Access to the full content is only available to members of institutions that have purchased access. If you belong to such an institution, please log in or find out more about how to order.



DOI: 10.4324/9780415249126-Y061-1
Version: v1,  Published online: 1998
Retrieved May 20, 2019, from

Article Summary

The term ‘logicism’ refers to the doctrine that mathematics is a part of (deductive) logic. It is often said that Gottlob Frege and Bertrand Russell were the first proponents of such a view; this is inaccurate, in that Frege did not make such a claim for all of mathematics. On the other hand, Richard Dedekind deserves to be mentioned among those who first expressed the conviction that arithmetic is a branch of logic.

The logicist claim has two parts: that our knowledge of mathematical theorems is grounded fully in logical demonstrations from basic truths of logic; and that the concepts involved in such theorems, and the objects whose existence they imply, are of a purely logical nature. Thus Frege maintained that arithmetic requires no assumptions besides those of logic; that the concept of number is a concept of pure logic; and that numbers themselves are, as he put it, logical objects.

This view of mathematics would not have been possible without a profound transformation of logic that occurred in the late nineteenth century – most especially through the work of Frege. Before that time, actual mathematical reasoning could not be carried out under the recognized logical forms of argument: this circumstance lent considerable plausibility to Immanuel Kant’s teaching that mathematical reasoning is not ‘purely discursive’, but relies upon ‘constructions’ grounded in intuition. The new logic, however, made it possible to represent standard mathematical reasoning in the form of purely logical derivations – as Frege, on the one hand, and Russell, in collaboration with Whitehead, on the other, undertook to show in detail.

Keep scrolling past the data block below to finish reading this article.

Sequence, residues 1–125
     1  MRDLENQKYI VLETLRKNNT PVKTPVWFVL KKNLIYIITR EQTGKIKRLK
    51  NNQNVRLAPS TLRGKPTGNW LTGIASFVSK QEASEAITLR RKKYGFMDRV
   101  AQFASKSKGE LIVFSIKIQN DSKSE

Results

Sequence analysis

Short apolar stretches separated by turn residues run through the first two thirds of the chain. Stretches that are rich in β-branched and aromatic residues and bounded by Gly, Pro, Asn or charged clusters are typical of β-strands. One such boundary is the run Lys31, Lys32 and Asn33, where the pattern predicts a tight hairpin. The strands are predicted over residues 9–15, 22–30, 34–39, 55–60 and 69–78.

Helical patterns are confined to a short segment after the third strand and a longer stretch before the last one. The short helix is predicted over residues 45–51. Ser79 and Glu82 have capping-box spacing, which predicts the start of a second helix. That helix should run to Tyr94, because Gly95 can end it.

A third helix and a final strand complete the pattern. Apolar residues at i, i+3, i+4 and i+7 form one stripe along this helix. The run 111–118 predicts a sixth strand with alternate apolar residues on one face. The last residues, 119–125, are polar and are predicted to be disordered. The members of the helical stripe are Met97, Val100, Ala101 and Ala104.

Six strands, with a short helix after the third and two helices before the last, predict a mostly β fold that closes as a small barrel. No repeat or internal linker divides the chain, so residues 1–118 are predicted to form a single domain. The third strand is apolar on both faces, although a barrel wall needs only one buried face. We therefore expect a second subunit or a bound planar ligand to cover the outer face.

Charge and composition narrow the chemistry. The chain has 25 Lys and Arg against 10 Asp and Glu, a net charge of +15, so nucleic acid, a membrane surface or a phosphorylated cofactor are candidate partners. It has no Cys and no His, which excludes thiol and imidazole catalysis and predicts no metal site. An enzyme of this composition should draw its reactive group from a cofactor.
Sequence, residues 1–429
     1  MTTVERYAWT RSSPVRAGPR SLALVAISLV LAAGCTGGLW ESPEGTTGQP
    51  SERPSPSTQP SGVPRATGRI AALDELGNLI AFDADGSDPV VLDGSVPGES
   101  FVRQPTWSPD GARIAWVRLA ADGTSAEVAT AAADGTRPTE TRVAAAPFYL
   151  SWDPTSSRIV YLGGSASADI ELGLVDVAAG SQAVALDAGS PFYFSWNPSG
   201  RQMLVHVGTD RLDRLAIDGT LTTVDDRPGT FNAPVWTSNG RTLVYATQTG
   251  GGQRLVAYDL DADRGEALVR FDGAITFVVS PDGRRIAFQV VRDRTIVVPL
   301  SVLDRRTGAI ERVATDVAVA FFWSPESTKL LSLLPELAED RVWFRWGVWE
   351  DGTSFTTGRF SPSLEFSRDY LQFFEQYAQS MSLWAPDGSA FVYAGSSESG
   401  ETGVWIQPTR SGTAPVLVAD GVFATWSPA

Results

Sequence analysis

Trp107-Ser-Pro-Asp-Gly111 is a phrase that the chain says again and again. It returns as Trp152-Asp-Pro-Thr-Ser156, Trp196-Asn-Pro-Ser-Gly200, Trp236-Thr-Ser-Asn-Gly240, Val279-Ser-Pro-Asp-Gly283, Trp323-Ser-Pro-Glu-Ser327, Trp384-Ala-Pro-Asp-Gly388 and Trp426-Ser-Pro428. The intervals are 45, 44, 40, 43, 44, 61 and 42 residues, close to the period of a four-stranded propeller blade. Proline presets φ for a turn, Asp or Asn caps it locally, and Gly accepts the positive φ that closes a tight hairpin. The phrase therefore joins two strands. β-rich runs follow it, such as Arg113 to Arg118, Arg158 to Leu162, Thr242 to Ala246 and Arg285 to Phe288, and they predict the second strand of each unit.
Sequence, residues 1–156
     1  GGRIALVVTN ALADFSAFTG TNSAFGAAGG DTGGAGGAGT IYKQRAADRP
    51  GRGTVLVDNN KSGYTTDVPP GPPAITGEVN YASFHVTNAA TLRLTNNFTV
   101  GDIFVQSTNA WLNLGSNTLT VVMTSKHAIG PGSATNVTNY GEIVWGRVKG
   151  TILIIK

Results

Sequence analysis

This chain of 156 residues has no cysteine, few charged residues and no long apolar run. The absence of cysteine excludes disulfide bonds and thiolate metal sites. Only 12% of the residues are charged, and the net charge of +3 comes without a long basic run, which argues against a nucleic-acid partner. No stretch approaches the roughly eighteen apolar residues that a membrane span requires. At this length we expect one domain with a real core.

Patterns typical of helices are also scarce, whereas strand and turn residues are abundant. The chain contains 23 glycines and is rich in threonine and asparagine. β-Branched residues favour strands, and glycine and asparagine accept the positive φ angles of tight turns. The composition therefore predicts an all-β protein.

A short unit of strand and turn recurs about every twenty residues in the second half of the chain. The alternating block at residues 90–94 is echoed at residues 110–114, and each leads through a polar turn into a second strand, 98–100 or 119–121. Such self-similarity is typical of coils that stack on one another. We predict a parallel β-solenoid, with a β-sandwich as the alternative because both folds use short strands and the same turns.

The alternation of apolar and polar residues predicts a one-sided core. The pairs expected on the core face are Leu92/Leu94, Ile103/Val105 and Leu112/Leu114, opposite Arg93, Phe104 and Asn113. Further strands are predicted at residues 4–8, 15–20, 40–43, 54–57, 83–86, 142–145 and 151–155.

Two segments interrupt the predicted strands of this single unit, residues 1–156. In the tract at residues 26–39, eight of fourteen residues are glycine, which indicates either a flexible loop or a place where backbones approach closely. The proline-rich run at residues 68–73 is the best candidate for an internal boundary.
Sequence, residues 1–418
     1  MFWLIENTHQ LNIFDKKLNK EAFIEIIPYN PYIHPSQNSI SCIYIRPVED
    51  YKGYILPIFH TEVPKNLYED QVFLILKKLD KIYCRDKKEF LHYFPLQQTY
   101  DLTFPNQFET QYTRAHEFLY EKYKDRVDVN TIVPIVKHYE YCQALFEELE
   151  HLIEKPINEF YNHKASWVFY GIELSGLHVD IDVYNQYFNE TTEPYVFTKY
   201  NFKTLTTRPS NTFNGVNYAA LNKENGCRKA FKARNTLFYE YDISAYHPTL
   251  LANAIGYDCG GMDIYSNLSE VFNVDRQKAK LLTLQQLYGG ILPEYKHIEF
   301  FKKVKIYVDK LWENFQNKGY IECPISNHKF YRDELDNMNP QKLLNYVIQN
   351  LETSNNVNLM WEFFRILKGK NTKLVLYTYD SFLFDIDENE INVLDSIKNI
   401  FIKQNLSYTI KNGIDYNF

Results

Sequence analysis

It is now generally held that logicism has been undermined by two developments: first, the discovery that the principles assumed in Frege’s major work are inconsistent, and the more or less unsatisfying character (or so it is claimed) of the systems devised to remedy this defect; second, the epoch-making discovery by Kurt Gödel that the ‘logic’ that would be required for derivability of all mathematical truths can in principle not be ‘formalized’. Whether these considerations ‘refute’ logicism will be considered further below.

Citing this article:
Stein, Howard. Logicism, 1998, doi:10.4324/9780415249126-Y061-1. Routledge Encyclopedia of Philosophy, Taylor and Francis,
Copyright © 1998-2019 Routledge.